Kuwait's trade surplus with Japan narrowed for the first time in two months in November, plunging 42.0 percent to JPY 47.6 billion (USD 408 million) from a year earlier, as exports sharply decreased, the Finance Ministry said Wednesday.
But Kuwait maintained black ink with Japan for the 82nd consecutive month, the ministry said in a preliminary report. Kuwaiti overall exports to Japan fell 33.7 percent year-on-year to JPY 66.5 billion (USD 570 million) for the first decline in two months, while imports from Japan grew 3.8 percent to JPY 18.9 billion (USD 162 million), up for the fifth month.
Middle East's trade surplus with Japan was also down 25.7 percent to JPY 862.2 billion (USD 7.4 billion) last month, as Japan-bound exports from the region fell 18.1 percent from a year earlier. Crude oil, refined products, liquefied natural gas (LNG) and other natural resources, which accounted for 96.8 percent of the region's total exports to Japan, dropped 18.8 percent. The region's overall imports from Japan jumped 17.5 percent, thanks to robust shipments of automobile, steel, machinery and electric equipment.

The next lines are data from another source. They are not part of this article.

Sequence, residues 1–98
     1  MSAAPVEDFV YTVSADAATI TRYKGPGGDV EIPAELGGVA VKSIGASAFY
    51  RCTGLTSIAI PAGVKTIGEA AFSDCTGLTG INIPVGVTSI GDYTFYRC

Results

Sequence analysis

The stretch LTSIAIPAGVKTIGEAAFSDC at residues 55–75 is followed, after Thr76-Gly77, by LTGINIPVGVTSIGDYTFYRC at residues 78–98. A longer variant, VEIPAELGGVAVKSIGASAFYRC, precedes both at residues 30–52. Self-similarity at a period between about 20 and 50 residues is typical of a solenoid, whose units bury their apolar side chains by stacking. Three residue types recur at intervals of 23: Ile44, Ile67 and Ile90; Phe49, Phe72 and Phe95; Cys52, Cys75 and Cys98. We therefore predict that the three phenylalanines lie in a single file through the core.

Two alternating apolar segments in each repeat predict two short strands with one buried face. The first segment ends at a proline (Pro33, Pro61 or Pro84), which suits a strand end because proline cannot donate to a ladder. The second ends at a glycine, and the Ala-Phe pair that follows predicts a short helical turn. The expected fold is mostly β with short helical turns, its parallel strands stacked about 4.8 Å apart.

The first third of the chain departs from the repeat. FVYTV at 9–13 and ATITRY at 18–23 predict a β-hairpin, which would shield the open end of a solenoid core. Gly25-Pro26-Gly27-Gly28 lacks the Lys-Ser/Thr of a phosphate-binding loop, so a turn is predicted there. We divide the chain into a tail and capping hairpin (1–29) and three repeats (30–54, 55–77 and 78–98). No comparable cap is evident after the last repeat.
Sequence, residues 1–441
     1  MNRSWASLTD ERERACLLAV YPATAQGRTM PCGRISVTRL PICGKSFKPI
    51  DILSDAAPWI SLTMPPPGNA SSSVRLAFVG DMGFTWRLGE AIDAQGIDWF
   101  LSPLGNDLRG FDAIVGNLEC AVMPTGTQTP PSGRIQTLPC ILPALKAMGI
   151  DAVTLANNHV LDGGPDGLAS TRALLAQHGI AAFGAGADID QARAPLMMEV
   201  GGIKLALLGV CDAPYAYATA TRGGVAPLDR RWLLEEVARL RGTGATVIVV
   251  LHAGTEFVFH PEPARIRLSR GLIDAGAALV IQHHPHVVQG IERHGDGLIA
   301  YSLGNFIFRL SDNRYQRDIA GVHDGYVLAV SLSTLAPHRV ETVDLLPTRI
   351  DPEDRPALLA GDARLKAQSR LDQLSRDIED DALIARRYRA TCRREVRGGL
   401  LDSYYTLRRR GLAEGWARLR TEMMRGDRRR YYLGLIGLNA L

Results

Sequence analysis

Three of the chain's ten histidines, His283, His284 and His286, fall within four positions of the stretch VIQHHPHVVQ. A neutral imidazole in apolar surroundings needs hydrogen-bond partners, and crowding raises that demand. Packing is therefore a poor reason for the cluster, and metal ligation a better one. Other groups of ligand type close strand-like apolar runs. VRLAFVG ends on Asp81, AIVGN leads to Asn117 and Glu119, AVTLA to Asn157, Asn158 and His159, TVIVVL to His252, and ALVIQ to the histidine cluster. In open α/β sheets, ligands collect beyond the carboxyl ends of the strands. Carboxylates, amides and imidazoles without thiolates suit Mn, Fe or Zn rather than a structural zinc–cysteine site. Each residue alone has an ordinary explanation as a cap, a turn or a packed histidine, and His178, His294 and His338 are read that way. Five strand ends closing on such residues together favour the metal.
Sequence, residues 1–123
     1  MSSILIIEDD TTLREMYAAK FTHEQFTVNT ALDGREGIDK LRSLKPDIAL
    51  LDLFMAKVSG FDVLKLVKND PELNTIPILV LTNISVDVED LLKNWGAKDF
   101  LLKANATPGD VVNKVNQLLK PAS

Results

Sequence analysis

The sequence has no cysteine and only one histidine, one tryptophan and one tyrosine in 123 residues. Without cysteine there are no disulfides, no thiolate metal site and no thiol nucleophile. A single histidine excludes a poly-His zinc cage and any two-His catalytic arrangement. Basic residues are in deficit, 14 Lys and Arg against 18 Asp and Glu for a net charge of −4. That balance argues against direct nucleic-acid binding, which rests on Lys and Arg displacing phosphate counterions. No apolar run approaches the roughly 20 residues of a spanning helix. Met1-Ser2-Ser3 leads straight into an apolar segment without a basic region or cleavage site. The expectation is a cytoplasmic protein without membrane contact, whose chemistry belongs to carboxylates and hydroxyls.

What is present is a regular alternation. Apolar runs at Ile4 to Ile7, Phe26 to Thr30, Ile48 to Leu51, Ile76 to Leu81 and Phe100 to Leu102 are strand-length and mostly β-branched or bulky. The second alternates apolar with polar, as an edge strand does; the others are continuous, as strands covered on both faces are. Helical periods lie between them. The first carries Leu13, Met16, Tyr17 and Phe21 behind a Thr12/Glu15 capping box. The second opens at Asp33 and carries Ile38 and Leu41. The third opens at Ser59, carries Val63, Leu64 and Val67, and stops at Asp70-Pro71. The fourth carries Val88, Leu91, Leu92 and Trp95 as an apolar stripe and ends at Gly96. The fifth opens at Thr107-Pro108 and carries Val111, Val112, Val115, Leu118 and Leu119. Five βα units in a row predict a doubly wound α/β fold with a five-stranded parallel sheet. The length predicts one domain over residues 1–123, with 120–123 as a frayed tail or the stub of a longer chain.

The world's third-biggest economy registered a global deficit of JPY 891.9 billion (USD 7.6 billion) in November, down 31.5 percent on the year, the ministry said. It marked the 29th straight month of shortfall, the longest losing streak since comparable data became available in January 1979.
Overall exports climbed 4.9 percent to JPY 6.189 trillion (USD 53.0 billion), thanks to strong demand for semiconductors, optical equipment and machinery on the back of the weak yen.
Imports declined 1.7 percent to JPY 7.081 trillion (USD 60.6 billion), chiefly due to a 21.6 percent plunge in crude oil imports. Exports to China, Japan's biggest trading partner, edged up 0.9 percent, and imports from the country expanded 3.9 percent, posting a deficit with China for the 33rd straight month.
Japan's currency weakened against the US dollar by 13.2 percent from the year before, according to the ministry.
The yen's depreciation supports exports by making Japanese products more competitive overseas and increase the value of repatriated overseas earning, but it also inflates import prices. However, lower crude oil prices offset the effect of the weaker yen last month.
The trade data are measured on a customs-cleared basis before adjustment for seasonal factors.